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To animate it using the same hop, make sure it's selected and then choose Animation > Presets > Load Preset.

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Select the Bug_Hop preset you created and load it.

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You'll notice two things: first the new teapot is animated similarly to the first one,

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and second, a Stretch modifier and a "Bug_Hop_1" modifier have been applied to the new teapot.

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The Bug_Hop_1 modifier is the same Timing and Offset modifier you learned about earlier, which can be used on duplicates.

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In fact, delete both teapots and unfreeze the Fleas layer. A cartoon-looking bug appears.

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Make a few copies of it on the Y-axis,

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and then select all the fleas,

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and apply the Bug_Hop preset.

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Playback the animation to try it out.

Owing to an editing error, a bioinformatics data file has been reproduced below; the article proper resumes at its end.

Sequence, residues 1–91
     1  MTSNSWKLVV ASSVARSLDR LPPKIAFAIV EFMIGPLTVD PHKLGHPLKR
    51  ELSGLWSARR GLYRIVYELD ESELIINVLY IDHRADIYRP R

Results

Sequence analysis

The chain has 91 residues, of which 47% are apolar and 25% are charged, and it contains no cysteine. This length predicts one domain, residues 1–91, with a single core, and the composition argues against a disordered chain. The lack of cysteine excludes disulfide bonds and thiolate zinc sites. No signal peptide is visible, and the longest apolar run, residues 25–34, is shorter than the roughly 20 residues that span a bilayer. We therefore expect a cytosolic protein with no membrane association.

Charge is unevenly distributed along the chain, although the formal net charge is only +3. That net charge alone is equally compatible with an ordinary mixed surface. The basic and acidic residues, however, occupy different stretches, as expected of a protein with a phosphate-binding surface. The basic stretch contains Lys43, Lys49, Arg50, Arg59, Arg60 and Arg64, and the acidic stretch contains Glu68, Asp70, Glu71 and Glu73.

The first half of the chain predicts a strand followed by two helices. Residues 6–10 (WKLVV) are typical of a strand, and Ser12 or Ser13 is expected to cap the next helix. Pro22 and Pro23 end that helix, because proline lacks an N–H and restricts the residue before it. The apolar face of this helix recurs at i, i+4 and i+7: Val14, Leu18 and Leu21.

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You may need to increase the length of the animation for a better experience.

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As you've learned before, you can select any of the copies and adjust the offset settings.

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If you set the Out tangent to Relative Repeat for example, you get a continuous forward advance.

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Try setting up both tangents to Relative Repeat,

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and the Playback Type to Random to get a full-blown flea invasion.

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Adjust the Per Node Delay and Random values for further refinements.

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As you can see, it becomes very easy to apply and adjust an animation cycle to a set of copied objects.

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The results can be quite interesting, here's an example of animated grass with an animated Bend cycle set to random.

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It is now left to you to come up with your own animation preset ideas which you will hopefully share with us.
Posted By
  • 3ds Max
  • Animation
  • 2016x1